The power consumption on PC or TV also is also worth considering when choosing between QLED and OLED, as energy consumption varies for respective screen technologies. QLED screens generally consume more power as they use a backlight that must continuously illuminate liquid crystals and quantum dots to display images. OLED technology tends to consume less energy as there is no continuous backlight.

OLED’s individual light points can turn themselves on and off depending on the picture, which also has a positive effect on power consumption. In general, QLED TVs consume about 15 percent more power than OLEDs when used regularly.

What other screen technologies are available besides QLED and OLED?

QLED and OLED are among the most sought-after screen technologies when buying TVs, monitors, laptops, and smartphones. This is due to very high resolution, optimal colors, and bright images. Although there are some specific technical differences between QLED and OLED, both technologies offer exceptional picture quality.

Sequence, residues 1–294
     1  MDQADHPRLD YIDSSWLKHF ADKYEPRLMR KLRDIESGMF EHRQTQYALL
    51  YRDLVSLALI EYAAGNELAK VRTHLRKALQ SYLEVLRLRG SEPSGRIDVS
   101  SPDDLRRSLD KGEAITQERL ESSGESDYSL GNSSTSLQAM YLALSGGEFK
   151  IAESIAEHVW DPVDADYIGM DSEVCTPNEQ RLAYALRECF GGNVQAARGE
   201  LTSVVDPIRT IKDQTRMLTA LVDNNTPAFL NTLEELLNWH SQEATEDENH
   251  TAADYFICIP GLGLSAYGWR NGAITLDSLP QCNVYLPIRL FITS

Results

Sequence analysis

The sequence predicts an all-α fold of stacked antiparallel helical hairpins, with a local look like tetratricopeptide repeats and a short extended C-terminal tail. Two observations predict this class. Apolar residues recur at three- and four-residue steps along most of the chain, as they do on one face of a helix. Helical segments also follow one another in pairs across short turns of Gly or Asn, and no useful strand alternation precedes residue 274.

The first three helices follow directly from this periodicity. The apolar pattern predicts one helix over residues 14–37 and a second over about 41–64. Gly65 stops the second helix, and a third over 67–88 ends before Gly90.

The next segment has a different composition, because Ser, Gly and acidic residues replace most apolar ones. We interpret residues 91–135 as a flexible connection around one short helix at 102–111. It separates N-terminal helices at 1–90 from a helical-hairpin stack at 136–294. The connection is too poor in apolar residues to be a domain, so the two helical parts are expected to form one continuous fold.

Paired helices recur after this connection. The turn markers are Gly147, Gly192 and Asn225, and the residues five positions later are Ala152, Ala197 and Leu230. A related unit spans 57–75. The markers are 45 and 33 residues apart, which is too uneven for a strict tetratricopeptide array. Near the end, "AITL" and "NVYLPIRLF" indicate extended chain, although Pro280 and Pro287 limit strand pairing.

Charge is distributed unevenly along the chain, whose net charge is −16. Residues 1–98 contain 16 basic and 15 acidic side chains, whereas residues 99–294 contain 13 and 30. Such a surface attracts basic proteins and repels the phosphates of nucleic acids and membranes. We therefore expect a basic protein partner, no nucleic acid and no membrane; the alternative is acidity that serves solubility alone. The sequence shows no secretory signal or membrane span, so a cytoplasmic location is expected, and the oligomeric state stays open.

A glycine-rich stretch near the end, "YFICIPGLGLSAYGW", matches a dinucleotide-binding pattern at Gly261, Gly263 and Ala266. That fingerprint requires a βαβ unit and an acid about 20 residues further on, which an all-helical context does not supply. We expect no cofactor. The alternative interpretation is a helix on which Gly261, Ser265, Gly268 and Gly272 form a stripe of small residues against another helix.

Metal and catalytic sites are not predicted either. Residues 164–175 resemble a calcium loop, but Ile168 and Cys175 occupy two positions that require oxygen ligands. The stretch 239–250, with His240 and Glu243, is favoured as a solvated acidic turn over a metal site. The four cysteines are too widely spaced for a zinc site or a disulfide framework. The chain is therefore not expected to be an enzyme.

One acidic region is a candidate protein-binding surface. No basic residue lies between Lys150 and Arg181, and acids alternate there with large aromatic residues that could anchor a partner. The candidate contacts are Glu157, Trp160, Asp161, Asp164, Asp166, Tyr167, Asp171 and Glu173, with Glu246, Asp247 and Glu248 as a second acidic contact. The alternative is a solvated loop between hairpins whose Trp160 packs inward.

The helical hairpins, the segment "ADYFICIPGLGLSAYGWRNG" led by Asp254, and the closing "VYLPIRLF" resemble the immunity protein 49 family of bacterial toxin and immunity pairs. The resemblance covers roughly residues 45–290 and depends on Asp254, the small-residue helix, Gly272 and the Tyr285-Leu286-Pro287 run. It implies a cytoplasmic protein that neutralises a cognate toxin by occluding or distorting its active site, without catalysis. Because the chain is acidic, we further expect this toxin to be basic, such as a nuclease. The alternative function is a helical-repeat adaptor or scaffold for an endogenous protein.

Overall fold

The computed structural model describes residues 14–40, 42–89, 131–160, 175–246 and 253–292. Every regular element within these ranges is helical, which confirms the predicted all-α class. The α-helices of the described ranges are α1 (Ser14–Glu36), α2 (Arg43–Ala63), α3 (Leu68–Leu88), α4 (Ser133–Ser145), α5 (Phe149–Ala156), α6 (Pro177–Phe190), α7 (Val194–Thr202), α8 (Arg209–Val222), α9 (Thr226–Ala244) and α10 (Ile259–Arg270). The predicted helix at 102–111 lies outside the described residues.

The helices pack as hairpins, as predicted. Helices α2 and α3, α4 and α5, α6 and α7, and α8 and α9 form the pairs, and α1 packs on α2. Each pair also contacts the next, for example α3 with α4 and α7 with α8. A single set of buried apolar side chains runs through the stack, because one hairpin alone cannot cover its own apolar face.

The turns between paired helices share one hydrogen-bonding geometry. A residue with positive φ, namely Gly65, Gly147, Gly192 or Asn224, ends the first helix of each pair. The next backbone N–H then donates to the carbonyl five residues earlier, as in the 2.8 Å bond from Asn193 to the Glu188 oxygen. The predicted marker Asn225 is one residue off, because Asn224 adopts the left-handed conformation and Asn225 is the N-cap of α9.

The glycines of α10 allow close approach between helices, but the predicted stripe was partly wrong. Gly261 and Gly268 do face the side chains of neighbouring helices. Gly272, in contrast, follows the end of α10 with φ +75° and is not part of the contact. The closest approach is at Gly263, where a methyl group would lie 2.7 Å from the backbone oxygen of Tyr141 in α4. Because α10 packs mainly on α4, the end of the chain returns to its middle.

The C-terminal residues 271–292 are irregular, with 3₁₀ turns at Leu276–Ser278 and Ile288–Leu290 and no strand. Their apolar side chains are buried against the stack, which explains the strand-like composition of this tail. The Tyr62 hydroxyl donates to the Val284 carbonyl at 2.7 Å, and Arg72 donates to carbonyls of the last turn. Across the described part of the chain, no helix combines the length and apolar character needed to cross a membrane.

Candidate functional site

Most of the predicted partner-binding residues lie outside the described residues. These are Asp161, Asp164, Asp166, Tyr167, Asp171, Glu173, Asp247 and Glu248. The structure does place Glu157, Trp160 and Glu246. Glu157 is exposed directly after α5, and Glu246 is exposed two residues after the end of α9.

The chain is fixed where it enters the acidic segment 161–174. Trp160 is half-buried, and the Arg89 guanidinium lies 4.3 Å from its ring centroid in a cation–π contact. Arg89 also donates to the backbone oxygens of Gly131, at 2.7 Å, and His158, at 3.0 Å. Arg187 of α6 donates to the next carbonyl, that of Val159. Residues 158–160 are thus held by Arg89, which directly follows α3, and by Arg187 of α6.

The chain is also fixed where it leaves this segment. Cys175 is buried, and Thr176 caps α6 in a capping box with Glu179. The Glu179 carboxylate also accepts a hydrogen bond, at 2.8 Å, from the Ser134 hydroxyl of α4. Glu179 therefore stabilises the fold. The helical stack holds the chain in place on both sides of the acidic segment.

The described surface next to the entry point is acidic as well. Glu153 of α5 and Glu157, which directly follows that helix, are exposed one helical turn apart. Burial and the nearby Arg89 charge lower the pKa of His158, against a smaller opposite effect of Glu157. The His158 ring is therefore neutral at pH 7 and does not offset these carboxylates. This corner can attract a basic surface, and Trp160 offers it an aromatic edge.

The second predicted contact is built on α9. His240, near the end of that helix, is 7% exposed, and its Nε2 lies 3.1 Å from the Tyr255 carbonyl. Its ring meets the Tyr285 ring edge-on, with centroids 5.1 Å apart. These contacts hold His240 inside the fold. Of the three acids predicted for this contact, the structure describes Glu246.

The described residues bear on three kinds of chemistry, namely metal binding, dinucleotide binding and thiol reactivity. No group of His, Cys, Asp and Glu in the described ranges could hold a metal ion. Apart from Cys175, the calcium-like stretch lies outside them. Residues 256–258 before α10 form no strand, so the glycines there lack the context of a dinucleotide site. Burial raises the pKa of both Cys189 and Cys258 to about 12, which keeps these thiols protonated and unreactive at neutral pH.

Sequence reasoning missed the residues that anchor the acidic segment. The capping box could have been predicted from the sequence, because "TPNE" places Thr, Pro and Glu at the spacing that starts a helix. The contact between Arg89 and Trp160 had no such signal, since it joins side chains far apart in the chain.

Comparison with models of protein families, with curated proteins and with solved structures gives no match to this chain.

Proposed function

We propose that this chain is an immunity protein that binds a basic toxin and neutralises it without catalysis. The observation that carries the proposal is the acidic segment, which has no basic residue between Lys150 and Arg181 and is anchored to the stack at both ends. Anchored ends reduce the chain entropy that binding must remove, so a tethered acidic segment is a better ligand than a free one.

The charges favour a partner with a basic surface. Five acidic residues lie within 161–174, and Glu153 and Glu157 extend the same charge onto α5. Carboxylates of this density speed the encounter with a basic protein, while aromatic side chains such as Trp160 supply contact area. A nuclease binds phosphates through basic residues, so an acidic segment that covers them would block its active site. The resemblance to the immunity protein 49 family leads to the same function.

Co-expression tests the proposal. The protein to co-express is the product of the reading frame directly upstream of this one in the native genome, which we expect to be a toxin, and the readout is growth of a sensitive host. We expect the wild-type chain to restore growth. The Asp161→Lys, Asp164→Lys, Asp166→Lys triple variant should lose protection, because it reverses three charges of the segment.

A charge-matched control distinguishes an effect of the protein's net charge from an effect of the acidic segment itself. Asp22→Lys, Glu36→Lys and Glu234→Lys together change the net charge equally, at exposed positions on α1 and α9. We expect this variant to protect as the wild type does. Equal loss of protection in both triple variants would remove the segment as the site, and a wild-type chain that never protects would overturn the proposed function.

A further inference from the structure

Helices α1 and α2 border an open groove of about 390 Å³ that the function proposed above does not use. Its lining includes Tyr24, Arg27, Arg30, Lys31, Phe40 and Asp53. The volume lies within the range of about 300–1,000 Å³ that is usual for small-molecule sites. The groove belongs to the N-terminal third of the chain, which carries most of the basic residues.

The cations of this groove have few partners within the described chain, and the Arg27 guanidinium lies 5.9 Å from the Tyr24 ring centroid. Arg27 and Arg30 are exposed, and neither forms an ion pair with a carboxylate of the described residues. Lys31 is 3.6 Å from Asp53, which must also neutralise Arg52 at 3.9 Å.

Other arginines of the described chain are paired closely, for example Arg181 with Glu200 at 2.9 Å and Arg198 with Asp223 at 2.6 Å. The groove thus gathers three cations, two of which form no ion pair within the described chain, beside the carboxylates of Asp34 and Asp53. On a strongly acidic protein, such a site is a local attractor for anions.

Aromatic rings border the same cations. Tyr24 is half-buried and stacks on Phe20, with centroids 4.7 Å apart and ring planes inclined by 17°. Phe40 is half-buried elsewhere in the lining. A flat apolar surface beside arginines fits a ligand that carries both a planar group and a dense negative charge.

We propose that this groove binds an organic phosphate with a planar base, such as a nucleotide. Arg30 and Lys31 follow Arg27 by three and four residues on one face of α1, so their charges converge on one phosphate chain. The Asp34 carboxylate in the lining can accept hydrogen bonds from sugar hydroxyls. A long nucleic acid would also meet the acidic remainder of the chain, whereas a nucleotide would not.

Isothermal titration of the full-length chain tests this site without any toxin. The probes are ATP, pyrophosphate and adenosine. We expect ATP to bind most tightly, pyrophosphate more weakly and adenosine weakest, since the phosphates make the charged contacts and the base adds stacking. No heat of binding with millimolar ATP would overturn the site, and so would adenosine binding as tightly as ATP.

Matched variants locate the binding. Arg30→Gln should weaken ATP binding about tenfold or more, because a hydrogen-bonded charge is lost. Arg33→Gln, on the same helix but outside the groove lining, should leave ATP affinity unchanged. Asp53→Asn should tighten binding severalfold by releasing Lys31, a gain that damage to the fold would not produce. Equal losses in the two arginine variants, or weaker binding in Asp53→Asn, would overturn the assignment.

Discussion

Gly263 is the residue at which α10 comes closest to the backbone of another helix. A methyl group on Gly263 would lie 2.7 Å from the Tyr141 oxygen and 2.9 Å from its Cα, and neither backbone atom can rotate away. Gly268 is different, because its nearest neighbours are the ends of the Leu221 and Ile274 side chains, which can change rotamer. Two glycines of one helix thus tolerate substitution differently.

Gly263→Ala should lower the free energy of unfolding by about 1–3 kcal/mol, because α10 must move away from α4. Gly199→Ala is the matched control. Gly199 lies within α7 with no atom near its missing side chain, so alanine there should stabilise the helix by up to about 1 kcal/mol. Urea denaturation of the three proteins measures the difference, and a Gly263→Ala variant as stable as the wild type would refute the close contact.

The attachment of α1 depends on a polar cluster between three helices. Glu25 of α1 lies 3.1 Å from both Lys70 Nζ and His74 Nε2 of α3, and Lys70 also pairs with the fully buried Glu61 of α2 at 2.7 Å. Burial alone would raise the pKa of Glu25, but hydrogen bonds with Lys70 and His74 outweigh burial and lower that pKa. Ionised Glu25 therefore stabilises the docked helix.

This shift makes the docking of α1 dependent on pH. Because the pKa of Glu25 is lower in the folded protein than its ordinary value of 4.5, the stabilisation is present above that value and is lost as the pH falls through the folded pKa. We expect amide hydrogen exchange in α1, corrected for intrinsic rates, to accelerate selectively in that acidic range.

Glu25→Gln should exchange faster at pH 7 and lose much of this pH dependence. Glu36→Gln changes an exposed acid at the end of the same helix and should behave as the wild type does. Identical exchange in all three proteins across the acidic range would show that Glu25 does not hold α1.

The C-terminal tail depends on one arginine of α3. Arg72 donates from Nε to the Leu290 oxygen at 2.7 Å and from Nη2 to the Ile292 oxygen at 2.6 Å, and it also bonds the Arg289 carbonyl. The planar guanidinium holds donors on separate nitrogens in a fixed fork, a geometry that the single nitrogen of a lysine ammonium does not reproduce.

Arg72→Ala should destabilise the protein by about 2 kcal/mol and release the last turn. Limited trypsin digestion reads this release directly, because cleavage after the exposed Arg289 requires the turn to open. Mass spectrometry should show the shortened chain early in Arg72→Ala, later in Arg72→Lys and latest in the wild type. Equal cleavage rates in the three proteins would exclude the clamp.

There are other screen technologies currently available on the market and there are others that are expected to emerge in the future. These include:

  • LED/LCD: The terms LED and LCD are used interchangeably to refer to the classic LCD screens that use liquid crystal displays in conjunction with LED backlighting. The liquid crystal orientations and the amount of light they allow to pass through is controlled by electrical pulses. LCD screens offer a long service life as they do not use organic materials.